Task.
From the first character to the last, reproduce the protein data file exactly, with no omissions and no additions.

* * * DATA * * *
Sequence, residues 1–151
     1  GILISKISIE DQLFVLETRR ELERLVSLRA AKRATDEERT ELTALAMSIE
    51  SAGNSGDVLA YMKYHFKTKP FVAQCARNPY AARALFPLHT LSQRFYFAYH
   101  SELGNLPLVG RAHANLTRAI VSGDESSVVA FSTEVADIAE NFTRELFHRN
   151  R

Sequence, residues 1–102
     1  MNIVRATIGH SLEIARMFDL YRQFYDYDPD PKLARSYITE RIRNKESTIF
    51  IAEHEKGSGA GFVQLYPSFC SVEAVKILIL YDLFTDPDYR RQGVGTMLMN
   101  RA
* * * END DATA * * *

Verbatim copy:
Sequence, residues 1–151
     1  GILISKISIE DQLFVLETRR ELERLVSLRA AKRATDEERT ELTALAMSIE
    51  SAGNSGDVLA YMKYHFKTKP FVAQCARNPY AARALFPLHT LSQRFYFAYH
   101  SELGNLPLVG RAHANLTRAI VSGDESSVVA FSTEVADIAE NFTRELFHRN
   151  R

Sequence, residues 1–102
     1  MNIVRATIGH SLEIARMFDL YRQFYDYDPD PKLARSYITE RIRNKESTIF
    51  IAEHEKGSGA GFVQLYPSFC SVEAVKILIL YDLFTDPDYR RQGVGTMLMN
   101  RA